Mr. GLENNY: Did you get the funds back from eBay or from the seller?

JOHN: I got it back from the seller.

Mr. GLENNY: I take my hat off to you.

JOHN: And at that point, eBay's not concerned anymore, so they're not really concerned that there's this huge counterfeit piracy merchandise being sold through their system.

Mr. GLENNY: Look, this is really the future of organized crime. It lies in counterfeit goods. It's estimated that about 90 percent of the goods sold within China are counterfeit one way or another. And that some 60 percent of the goods exported out of China and elsewhere in Asia are counterfeit, as well. This highlights what is going to be an enormous problem in the next 15 to 20 years or so in global economy and politics.

Because what we've done with globalization is take our manufacturing jobs and hand them over to places like China, and instead, we make money out of our service industries and our creative industries. And what the Chinese have to do is just create jobs all the time. They can't let that juggernaut stop. They can't stop it from rolling. And so they don't care about things like intellectual property rights.

So we have a big dilemma at the heart of the economic relationship between the United States and Europe and Japan on the one hand, and China and other parts of East Asia on the other. And this is a huge opportunity for criminality, but it's something that we have to come up with creative policy solutions for, which at the moment I don't see are in the offing.

CONAN: I wonder, do you expect that pirated copies of "McMafia" are available in Hong Kong?

Mr. GLENNY: I would think, I would really rather wear it as a badge of honor, if they were - I'd be upset, in a sense, if they weren't. It won't happen in Hong Kong, because Hong Kong is a highly regulated market. But over the border in Shenzhen, an enterprising person - I'm just on the verge of selling the Chinese language rights, and I'm sure if it comes out in - if it ever does come out in Chinese, that within five minutes, there'll be pirate copies all over the place.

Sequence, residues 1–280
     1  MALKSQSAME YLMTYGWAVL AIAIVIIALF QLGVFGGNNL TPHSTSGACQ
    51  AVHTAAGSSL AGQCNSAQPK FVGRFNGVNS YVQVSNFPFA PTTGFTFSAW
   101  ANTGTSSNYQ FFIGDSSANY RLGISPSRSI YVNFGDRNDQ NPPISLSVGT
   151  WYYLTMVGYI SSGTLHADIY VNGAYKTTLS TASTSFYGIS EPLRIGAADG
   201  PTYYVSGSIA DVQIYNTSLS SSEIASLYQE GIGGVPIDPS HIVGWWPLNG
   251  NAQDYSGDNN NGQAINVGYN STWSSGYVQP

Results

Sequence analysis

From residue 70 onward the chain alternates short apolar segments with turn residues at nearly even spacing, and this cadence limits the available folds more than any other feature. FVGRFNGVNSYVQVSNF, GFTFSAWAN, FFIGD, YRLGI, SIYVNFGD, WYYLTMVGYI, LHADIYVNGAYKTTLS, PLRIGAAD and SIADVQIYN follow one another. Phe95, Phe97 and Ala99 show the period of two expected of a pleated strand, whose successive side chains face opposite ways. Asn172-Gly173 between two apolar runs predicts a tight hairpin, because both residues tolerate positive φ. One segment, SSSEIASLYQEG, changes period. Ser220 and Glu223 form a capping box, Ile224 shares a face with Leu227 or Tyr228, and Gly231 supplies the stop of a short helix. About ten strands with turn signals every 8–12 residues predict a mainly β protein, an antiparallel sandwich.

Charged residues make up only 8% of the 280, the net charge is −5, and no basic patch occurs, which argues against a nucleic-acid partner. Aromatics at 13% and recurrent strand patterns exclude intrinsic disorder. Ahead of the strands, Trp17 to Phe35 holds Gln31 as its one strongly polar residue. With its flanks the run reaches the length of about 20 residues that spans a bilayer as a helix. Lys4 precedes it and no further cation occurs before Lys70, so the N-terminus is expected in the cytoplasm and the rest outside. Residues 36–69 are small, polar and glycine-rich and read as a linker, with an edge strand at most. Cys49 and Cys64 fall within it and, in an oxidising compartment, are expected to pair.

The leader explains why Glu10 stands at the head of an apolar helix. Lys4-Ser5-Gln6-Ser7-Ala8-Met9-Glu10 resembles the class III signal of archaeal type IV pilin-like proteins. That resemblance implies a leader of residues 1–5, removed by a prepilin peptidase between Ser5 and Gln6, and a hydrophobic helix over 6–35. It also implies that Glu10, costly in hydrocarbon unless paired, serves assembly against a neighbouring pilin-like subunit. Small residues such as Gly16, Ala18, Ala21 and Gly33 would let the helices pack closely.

CONAN: Thanks very much for the call, John.

JOHN: Thank you.

CONAN: We're talking with Misha Glenny. His book is "McMafia: A Journey Through the Global Criminal Underground." If you'd like to join the conversation, 800-989-8255. Email, talk@npr.org. And this is NPR News.

Let's see if we can get another caller in. This is Chris, Chris with us from Salt Lake City.

CHRIS (Caller): Hi.

CONAN: Go ahead, please.

CHRIS: I was calling to comment on the criminal underground comment you guys are talking about. For about two years, I was transporting cocaine and cannabis up and down from South America to America, the United States. And I wanted to tell you guys that a lot of people have the conception that Mexico is producing a lot and coming out with a lot, and maybe they are. But from what we could tell, every time we would do this trip, Mexico was just the gateway. It - you never ran into any problems until you got to the American border.

Mr. GLENNY: Well, very interesting to have you on the program with your experience of this.

CHRIS: Well, I was caught and prosecuted and that's all done with.

Mr. GLENNY: That's over with. Well, the interesting thing about Mexico, it's very interesting that you should mention that, because what happened with Mexico is that the Colombians worked out that the really dangerous part of their business was getting it across the U.S. border. That was where the big business risk was. And so they learnt about 10, 12 years ago to outsource that part of it to the Mexicans, and also to an extent to people in the Caribbean, Jamaica in particular. And what they did as a consequence was send it over to Mexico. The Mexican cartels would then take it over the border and as a consequence of that, northern Mexico has been ruined and has become an unbelievably violent, corrupted place.